Introduction to Personality Disorders

The 10 Disorders Described in the DSM-5

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Personality disorders include 10 diagnosable psychiatric conditions that are recognized and described in the fifth and most recent version of the Diagnostic and Statistical Manual of Mental Disorders (DSM-5).

Each is a distinct mental illness and not, as the name suggests, a flaw or quirk in someone's personality but rather are defined by personality styles that can be troubling enough to create problems with relating to other people in healthy, normal ways.

Note, though, that there's a much comorbidity between personality disorders, meaning that a person who meets the criteria for one personality disorder will often also meet criteria for one or more additional personality disorders. One recent study funded by the National Institute of Mental Health found that about 85 percent of people with borderline personality disorder also meet diagnostic criteria for at least one other personality or mood disorder.

Personality disorders tend to appear in adolescence or early adulthood, continue over many years, and cause a great deal of distress. During that time they can cause enormous conflict with other people, cause relationships to fail or prevent them from developing in the first place, interfere with someone's ability to function appropriately in social situations and get in the way of reaching life goals.

Clusters

The DSM-5 organizes the ten personality disorders into three groups, or clusters, based on shared key features.

Cluster A

These personality disorders are characterized by odd or eccentric behavior. People with Cluster A personality disorders tend to experience major disruptions in relationships because their behavior may be perceived as peculiar, suspicious, or detached.

Cluster A personality disorders include:

  • Schizotypal Personality Disorder features odd speech, behavior, and appearance, as well as strange beliefs and difficulty forming relationships.
  • Paranoid Personality Disorder affects between 1 percent and 2 percent of adults in the U.S. Symptoms include chronic, pervasive distrust of other people; suspicion of being deceived or exploited by others, including friends, family, and partners; angry outbursts in response to deception; and cold, secretive, or jealous behavior.
  • Schizoid Personality Disorder is characterized by social isolation and indifference toward other people. It affects more men than women. People with this relatively rare disorder often are described as cold or withdrawn, rarely have close relationships with other people and may be preoccupied with introspection and fantasy.

Cluster B

The "Cluster B" personality disorders are characterized by dramatic or erratic behavior. People who have a personality disorder from this cluster tend to either experience very intense emotions or engage in extremely impulsive, theatrical, promiscuous, or law-breaking behaviors.

Cluster B personality disorders include:

  • Borderline Personality Disorder is characterized by emotional instability, intense interpersonal relationships, and impulsive behaviors.
  • Histrionic Personality Disorder features a need to always be the center of attention that often leads to socially inappropriate behavior in order to get attention. People with this disorder may have frequent mood swings as well.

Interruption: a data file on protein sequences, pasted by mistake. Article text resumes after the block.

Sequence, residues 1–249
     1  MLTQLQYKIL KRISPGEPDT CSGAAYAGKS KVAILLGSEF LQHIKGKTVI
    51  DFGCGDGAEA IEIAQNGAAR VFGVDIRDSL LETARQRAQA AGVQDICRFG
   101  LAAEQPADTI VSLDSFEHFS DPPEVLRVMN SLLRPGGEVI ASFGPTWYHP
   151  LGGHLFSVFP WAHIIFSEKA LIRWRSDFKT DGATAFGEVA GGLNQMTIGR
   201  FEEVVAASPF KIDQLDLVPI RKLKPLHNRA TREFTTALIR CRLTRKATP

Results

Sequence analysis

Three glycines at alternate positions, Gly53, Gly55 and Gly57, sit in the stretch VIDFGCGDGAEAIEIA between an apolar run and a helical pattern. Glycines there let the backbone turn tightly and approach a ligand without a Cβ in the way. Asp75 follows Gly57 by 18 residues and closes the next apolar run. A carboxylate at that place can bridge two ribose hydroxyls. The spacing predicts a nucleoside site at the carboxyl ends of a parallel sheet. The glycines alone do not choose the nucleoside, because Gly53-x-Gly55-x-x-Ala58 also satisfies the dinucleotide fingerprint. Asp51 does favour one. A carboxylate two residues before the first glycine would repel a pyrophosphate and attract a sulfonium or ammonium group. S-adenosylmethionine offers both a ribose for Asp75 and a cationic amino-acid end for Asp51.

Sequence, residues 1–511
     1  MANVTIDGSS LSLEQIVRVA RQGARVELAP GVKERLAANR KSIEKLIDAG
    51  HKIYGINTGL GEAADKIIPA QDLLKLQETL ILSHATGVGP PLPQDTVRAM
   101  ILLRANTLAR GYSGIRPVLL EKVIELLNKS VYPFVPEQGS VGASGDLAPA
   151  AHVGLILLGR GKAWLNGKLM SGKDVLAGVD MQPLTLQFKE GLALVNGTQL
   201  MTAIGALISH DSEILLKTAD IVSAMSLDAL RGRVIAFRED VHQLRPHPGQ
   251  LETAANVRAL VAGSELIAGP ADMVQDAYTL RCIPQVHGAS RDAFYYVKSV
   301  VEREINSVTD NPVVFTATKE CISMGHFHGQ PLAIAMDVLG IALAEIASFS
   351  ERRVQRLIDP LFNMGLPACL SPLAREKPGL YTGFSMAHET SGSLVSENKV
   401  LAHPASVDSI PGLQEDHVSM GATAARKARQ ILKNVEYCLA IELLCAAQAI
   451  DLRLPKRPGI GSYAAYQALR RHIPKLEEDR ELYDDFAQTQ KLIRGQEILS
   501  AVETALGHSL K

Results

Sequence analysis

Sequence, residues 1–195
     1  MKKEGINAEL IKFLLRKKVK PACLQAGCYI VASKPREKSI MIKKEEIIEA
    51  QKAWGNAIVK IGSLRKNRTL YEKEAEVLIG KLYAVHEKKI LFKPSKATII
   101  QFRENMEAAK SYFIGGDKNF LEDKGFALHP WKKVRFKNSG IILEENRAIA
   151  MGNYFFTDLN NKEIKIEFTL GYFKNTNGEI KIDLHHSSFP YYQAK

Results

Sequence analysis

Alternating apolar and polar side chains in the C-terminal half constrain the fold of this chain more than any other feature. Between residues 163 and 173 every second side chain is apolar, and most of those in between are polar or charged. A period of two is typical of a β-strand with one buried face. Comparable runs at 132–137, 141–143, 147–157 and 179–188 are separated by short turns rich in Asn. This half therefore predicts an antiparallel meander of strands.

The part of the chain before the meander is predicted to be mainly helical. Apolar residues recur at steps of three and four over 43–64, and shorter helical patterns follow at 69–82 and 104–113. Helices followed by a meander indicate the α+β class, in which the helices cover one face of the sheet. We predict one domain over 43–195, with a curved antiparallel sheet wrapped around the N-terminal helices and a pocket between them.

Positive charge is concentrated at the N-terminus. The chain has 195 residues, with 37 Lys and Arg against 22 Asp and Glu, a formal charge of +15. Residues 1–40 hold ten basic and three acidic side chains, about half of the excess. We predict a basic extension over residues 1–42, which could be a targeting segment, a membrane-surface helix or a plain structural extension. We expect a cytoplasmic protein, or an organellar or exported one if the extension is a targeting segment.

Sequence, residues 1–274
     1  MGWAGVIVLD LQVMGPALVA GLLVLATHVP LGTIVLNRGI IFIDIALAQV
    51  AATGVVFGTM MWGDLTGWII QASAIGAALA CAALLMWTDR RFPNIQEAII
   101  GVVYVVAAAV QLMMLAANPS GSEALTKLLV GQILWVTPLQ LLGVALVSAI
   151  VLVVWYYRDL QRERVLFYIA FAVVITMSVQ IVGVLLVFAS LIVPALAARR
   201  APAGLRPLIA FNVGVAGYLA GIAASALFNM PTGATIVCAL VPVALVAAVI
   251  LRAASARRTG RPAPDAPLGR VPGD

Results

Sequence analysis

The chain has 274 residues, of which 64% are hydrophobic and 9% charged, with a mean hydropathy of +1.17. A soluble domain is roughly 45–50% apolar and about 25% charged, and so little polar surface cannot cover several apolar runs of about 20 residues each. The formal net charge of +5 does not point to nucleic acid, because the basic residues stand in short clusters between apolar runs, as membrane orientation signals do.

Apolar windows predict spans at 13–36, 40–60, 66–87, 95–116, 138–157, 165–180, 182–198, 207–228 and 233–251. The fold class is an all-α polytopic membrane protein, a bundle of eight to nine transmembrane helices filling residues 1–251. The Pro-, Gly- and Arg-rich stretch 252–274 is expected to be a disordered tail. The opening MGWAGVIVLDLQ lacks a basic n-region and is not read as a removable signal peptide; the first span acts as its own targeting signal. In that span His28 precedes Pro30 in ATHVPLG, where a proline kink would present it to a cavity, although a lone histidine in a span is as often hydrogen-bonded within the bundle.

• Antisocial Personality Disorder tends to show up in childhood, unlike most other personality disorders that don't appear until adolescence or young adulthood. Symptoms include a disregard for rules and social norms and a lack of empathy for other people.
  • Narcissistic Personality Disorder is associated with self-centeredness, exaggerated self-image, and lack of empathy for others.

Cluster C 

Cluster C personality disorders are characterized by anxiety. Individuals with the personality disorders in this cluster tend to experience pervasive anxiety and/or fearfulness.

Cluster C personality disorders include:

  • Dependent Personality Disorder involves fear of being alone and often causes those have the disorder to do things to try to get other people to take care of them.
  • Obsessive-Compulsive Personality Disorder is characterized by a preoccupation with orderliness, perfection, and control of relationships. It's no the same as obsessive-compulsive disorder (OCD).
  • Avoidant Personality Disorder can show up during childhood. It's characterized by a disregard for rules and lack of empathy and remorse.

Treatment 

Unlike with mood disorders such as clinical depression and bipolar disorder, there are remarkably few studies on how to effectively treat personality disorders. And In general, many experts believe that personality disorders are difficult to treat because they are, by definition, long-standing patterns of personality.

The National Alliance on Mental Illness (NAMI) lists several types of psychotherapy that may be useful for treating personality disorders:

  • Dialectical behavior therapy (DBT), which teaches coping skills and strategies for dealing with urges related to self-harm and suicide, regulating emotions, and improving relationships.
  • Cognitive behavior therapy (CBT). The goal of CBT as stated by NAMI is "to recognize negative thoughts and learn effective coping strategies."
  • Mentalization-based therapy (MBT) teaches people to notice internal states and to develop empathy for others.

Medication can be useful to treat depression or anxiety that's caused by a personality disorder.

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